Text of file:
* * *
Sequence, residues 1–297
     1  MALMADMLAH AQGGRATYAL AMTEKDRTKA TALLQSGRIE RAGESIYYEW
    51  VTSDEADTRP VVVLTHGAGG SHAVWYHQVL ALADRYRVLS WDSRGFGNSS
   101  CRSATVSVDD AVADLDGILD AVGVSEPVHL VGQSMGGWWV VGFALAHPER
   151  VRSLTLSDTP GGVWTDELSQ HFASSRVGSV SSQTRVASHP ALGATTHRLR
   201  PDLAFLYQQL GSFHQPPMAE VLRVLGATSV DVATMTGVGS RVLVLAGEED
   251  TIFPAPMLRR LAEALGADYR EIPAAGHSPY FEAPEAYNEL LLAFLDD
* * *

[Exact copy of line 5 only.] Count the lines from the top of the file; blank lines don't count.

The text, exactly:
   151  VRSLTLSDTP GGVWTDELSQ HFASSRVGSV SSQTRVASHP ALGATTHRLR